Bus Stop Diagnosis
Sometimes patients present with diagnoses that are so obvious, you know what the problem the moment you see them. Some call these "bus stop diagnoses," because, um, you can diagnose them standing at the bus stop*. Hyperthyroidism with exophthalmos is one; acromegaly and achondroplastic dwarfism are others. Obviously, many skin conditions can also be readily diagnosed from cursory inspection at a distance.
Now and then, though, a diagnosis and a cliche come together like soap and water.
I saw a lovely young lady today with what was probably one of the worst cases of rosacea I have ever seen. Her cheeks were bright red, as was her nose, and sections of her forehead and chin that had also broken out. Even my staff was able to diagnose it, telling me afterward that they, too, had never seen such a severe case.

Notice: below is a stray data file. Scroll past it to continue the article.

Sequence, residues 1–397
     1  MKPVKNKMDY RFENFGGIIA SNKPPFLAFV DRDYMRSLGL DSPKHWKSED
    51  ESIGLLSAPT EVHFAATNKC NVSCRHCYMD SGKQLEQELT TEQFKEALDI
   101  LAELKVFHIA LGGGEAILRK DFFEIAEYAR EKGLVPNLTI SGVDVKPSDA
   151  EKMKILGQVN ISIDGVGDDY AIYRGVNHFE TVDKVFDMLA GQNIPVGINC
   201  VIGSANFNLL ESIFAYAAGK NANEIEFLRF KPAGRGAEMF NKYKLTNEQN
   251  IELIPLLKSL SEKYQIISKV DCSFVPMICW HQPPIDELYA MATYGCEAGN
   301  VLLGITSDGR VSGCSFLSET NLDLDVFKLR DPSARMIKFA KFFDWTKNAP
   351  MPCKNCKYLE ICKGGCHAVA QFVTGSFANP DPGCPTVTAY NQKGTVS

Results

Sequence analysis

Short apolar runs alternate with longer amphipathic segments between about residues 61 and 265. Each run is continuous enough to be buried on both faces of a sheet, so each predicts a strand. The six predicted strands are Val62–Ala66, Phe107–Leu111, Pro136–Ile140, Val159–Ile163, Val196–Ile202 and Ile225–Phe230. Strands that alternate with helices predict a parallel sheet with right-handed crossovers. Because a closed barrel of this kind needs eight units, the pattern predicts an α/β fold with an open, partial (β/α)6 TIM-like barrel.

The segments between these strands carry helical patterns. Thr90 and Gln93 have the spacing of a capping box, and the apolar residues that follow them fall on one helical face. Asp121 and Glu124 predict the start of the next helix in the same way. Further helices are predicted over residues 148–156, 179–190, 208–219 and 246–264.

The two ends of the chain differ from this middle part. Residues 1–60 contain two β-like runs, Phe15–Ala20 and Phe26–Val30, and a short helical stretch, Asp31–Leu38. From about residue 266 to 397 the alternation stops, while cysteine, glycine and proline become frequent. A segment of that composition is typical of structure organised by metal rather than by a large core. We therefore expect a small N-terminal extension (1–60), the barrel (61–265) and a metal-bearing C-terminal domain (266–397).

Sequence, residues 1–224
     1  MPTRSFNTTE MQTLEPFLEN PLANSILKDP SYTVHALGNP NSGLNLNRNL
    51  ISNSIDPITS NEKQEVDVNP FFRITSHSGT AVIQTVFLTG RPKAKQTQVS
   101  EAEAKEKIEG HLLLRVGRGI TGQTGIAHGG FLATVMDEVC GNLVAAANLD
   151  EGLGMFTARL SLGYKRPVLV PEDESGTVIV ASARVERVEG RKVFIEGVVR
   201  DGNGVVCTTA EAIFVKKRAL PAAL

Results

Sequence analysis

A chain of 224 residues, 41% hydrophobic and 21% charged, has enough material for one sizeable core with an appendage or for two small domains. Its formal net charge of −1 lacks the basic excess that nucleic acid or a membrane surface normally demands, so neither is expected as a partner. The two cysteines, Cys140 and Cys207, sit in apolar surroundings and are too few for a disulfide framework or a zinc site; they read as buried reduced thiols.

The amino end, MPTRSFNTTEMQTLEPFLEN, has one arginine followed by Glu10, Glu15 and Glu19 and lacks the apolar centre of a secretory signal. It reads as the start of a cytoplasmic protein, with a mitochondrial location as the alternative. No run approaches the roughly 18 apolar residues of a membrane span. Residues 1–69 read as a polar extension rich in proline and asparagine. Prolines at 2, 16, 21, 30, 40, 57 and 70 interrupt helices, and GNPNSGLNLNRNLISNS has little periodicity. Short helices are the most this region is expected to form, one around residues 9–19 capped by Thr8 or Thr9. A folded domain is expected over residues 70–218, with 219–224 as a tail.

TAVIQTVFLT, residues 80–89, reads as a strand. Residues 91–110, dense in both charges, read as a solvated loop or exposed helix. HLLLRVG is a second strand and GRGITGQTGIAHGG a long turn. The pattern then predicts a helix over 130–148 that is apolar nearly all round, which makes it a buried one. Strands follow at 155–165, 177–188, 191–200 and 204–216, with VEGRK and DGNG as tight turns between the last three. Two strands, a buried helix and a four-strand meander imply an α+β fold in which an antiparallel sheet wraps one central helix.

Surprisingly, though, that was not why she had come to see me. In fact when I asked about it, she claimed that she had never actually been diagnosed with rosacea before.
I slammed my hand over my mouth as the response jumped into my head, but eventually, I couldn't resist, and this is what slipped out:
You've never been diagnosed with rosacea?
Why, it's as plain as the nose on your face.
* (Thank you, Mr. Frank.)